The Best Balnearios in Bacalar, Mexico
A view of Lake Bacalar | © Roberto Bolaños / Flickr
Situated alongside a stunning blue lagoon, the town of Bacalar is without doubt one of the highlights of Mexico’s Yucatán Peninsula. One of the best ways to relax and rejuvenate in this stunning destination is to spend the day in one of its many balnearios – spa clubs which are located along the lake. With that in mind, here is our guide to the very best balnearios the town has to offer.
Rancho Alegre Bacalar
One of the most popular balnearios
, Rancho Alegre boasts an excellent and affordable seafood restaurant, clean bathrooms and a pleasant seating area. Admission costs just 30 pesos ($1.60) and there are also basic but clean cabins available to rent overnight. The crystal clear waters surrounding Rancho Alegre are perfect for swimming, diving and snorkelling. Kayaks are also available to rent if you want to head further out into the lagoon.
Balneario Municipal El Aserradero
Less than a 10 minute walk from Bacalar’s center, the Balneario Municipal is a favorite for visiting families and locals. The well-kept balneario
boasts a long, elegant pier and is the perfect place to swim. It costs 10 pesos ($0.55) to enter if you bring a car, but is completely free if you walk. There is also the option to take a two hour boat tour for 250 pesos ($13). Bear in mind that there is no restaurant, so bring some food and enjoy a picnic alongside the famous lagoon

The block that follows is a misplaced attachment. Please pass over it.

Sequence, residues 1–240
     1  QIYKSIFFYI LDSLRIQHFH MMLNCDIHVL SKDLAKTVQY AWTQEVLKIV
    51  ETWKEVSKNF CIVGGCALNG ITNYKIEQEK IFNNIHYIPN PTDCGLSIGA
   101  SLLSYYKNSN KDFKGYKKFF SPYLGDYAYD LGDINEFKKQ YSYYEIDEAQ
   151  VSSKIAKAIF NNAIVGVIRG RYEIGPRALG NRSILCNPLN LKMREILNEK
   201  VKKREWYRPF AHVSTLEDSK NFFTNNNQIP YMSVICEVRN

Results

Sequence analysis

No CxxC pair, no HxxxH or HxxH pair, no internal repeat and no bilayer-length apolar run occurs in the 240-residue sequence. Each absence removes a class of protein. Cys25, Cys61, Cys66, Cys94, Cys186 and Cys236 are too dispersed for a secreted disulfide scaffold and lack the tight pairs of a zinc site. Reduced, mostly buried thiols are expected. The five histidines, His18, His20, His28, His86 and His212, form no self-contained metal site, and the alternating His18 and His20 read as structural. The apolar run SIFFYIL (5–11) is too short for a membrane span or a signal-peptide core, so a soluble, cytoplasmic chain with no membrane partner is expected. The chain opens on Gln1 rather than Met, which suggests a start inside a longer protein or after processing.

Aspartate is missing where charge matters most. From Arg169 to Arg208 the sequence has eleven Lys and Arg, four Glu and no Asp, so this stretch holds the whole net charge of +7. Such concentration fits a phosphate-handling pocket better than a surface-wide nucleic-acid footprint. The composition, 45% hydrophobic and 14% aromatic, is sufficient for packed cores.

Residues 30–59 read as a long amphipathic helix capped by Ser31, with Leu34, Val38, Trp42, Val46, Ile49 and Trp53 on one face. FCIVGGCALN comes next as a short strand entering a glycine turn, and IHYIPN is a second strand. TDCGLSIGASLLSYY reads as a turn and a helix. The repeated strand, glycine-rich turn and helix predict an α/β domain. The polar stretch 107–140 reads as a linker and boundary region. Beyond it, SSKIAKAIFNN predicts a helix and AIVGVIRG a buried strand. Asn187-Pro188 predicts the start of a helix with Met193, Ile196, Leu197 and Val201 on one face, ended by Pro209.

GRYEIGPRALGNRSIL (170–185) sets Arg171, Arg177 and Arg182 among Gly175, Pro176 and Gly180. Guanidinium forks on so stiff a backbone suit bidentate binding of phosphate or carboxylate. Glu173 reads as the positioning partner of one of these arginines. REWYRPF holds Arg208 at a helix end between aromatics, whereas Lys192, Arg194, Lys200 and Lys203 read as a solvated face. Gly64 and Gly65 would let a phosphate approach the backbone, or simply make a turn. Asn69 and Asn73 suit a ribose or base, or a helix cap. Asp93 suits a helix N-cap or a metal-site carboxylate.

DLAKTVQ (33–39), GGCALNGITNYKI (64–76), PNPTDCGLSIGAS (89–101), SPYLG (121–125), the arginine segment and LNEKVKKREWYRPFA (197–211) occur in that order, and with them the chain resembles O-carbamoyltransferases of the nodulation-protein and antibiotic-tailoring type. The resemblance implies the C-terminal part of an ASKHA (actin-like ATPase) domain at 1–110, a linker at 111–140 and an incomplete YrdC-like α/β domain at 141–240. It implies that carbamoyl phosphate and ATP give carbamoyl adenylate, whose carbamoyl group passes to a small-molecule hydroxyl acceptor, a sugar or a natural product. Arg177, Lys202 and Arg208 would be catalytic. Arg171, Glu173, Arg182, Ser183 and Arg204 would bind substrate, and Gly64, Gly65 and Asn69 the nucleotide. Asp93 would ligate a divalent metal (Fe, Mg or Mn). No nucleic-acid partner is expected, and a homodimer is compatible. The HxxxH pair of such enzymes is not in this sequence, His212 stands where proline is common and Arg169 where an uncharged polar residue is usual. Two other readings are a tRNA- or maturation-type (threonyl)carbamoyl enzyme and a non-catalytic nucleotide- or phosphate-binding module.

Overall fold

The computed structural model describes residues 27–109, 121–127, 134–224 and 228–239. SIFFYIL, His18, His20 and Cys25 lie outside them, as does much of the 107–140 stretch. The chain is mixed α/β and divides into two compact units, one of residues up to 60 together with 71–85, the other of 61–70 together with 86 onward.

The first balneario
that opened in Bacalar is still the most popular. The Balneario Magico
has more of an amusement park feel, with an expansive area for swimming and bathing, water slides, dressing rooms and a seafood restaurant. The shallow lagoon never reaches a depth of more than 1 meter (3.3 feet), so this is a popular spot for families with young children. Entrance costs just 15 pesos ($0.80), but do expect big crowds on weekends and national holidays.
is famed for its stromatolites – stunning mushroom-shaped mineral structures that have formed in the shallow water of the lagoon. The stromatolites are actually living entities that expel oxygen and support the growth of plant life at the southern end of the lagoon. Admission to Cocalitos
costs 50 pesos ($2.67) and the natural swimming pools boast a range of shades, from turquoise to navy. There are wooden swings in the water that offer visitors the chance to sit back and enjoy the stunning view.